Review: State of Mind
Daedalic Entertainment made its name with games like Anna’s Quest and the Deponia series, which are helping to keep the genre of 2D point and click adventures alive. Since then, other developers (e.g., Dontnod with the Life is Strange franchise) have shown that it is possible to translate the exploratory appeal and rich narratives of the genre into beautiful 3D worlds.
State of Mind (2018) is one of Daedalic’s entrants into the 3D adventure genre. Set in the year 2048, it’s primarily told from the perspective of two individuals—Richard Nolan and Adam Newman—who grapple with the trauma of a recent accident, and who find that their lives are deeply connected.
The story that unfolds explores transhumanist themes like strong AI and mind uploading, but it remains grounded in a narrative about Richard Nolan’s relationship with Adam, with his own family, and with a lover.
Protagonist Richard Nolan and his household robot Simon in Richard’s Berlin apartment (Credit: Daedalic Entertainment. Fair use.)
In many parts of the game, the player explores their surroundings (e.g., Richard’s and Adam’s respective futuristic apartments; the gritty Berlin neighborhood where Richard lives, etc.), with limited choices and trivial puzzles. Occasionally, the game throws in a trickier puzzle or a mini-game.
In one of those mini-games, for example, you must navigate a drone through a building’s maintenance shafts in order to listen in on a conversation that happens in another room, without being detected by other drones. If you fail, you get to retry until you succeed.
While State of Mind offers some choices in dialogs, they are fairly inconsequential until the final stage of the game. Then, the player is given a choice between different endings, but even the impact of those choices on the final scenes of the game is a bit underwhelming.
What makes the game work, in part, is that it’s gorgeous. The low poly design of the game’s characters takes some getting used to, but the world they inhabit is rich in detail and imagination.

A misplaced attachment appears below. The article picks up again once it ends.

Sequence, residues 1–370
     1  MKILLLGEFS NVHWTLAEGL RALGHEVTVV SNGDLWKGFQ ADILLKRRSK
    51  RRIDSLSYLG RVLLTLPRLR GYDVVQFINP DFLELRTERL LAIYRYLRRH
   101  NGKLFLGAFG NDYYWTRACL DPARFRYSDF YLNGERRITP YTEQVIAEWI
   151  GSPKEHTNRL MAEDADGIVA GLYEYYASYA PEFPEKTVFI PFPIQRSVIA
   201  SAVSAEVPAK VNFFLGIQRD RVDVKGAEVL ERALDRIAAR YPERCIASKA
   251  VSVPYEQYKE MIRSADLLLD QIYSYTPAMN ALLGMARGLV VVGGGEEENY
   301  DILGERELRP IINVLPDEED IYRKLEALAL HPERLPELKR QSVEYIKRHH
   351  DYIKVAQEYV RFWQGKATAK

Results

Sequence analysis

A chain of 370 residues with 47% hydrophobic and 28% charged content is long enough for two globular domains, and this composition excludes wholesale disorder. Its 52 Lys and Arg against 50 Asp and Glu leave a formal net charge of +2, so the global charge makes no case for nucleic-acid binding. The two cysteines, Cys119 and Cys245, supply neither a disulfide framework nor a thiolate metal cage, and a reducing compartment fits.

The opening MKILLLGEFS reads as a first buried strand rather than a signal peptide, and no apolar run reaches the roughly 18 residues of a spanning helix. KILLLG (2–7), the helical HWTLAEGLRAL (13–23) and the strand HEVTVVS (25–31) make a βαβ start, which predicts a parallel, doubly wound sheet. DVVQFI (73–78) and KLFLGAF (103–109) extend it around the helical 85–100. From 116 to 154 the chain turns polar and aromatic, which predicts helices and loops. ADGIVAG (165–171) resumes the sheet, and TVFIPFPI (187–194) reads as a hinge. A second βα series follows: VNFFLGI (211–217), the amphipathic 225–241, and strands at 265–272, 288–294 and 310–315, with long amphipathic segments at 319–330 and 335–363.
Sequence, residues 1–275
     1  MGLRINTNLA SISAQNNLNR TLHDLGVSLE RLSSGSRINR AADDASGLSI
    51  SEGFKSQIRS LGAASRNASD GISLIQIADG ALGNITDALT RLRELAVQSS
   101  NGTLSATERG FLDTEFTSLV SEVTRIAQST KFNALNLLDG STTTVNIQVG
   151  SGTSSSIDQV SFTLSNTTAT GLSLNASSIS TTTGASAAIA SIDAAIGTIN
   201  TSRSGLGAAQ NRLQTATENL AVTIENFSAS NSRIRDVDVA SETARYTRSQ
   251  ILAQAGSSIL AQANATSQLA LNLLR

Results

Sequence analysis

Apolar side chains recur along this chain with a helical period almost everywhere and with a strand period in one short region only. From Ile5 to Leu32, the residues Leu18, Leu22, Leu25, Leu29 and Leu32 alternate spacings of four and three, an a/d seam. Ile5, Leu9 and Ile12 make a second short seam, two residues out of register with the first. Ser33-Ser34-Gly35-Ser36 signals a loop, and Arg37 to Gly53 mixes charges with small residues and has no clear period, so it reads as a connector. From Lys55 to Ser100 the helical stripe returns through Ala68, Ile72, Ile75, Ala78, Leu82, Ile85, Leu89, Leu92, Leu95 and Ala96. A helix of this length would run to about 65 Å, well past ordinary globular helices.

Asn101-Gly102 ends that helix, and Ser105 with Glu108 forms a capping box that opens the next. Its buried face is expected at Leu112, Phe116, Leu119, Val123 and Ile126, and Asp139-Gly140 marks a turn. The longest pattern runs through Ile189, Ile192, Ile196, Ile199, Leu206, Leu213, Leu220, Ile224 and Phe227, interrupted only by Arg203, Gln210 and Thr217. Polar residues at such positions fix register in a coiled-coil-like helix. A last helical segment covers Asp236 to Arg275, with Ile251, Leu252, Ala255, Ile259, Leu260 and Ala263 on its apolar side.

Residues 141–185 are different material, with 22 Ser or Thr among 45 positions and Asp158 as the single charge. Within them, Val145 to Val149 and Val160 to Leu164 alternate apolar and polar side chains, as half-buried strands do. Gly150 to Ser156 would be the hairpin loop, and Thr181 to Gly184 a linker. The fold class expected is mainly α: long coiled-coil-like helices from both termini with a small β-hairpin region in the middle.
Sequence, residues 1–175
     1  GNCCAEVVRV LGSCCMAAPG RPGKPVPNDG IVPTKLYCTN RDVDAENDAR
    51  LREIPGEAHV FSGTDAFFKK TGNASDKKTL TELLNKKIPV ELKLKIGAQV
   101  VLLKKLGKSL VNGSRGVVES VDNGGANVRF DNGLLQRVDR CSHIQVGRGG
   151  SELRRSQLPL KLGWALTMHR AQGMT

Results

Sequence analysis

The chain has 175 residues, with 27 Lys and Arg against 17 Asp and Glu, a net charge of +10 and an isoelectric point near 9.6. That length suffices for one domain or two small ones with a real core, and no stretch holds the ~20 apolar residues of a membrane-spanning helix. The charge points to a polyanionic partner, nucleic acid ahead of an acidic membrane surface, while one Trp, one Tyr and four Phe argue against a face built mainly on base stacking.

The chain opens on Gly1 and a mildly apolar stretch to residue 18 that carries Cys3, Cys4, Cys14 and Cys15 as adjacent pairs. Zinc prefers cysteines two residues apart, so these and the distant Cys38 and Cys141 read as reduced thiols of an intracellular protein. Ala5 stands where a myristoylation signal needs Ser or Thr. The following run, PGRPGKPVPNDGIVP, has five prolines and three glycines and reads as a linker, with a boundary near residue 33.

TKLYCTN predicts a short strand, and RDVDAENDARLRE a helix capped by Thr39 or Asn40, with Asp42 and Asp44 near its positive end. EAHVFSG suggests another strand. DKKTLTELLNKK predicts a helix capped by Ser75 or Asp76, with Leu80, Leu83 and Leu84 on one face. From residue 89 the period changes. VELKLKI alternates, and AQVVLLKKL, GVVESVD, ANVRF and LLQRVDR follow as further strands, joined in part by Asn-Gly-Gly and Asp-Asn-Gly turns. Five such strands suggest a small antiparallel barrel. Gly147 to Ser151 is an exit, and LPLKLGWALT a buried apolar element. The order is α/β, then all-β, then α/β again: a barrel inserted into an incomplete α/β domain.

In one memorable scene, Adam Newman meets his wife on the location of an Augmented Reality art installation, where the game lets you draw with light and sound in the world around you. This scene is just there, and it’s up to the player whether they choose to explore it for its own sake or not.
The story of State of Mind is engaging but derivative, and the execution quality of the game as a whole is mixed (e.g., limited choices, mini-games that can be a bit tedious). Parts of its world are a joy to explore, and the game offers about 10-20 hours worth of generally rewarding play. The native Linux version worked beautifully for me.
I appreciated the game’s willingness to tackle adult themes, the lack of moral finger-wagging, and the deep flaws of its main characters. I found the voice acting not as stellar as, say, Life is Strange, but Doug Cockle (who voices Geralt von Rivia in the Witcher games) pulls you in as Richard Nolan, even if you end up hating him.
While the game is only 2 years old, you’ll now find it on sale regularly for 5 USD or less. At that price, you won’t have any regrets about paying a visit to its morally ambiguous world and the flawed beings that inhabit it.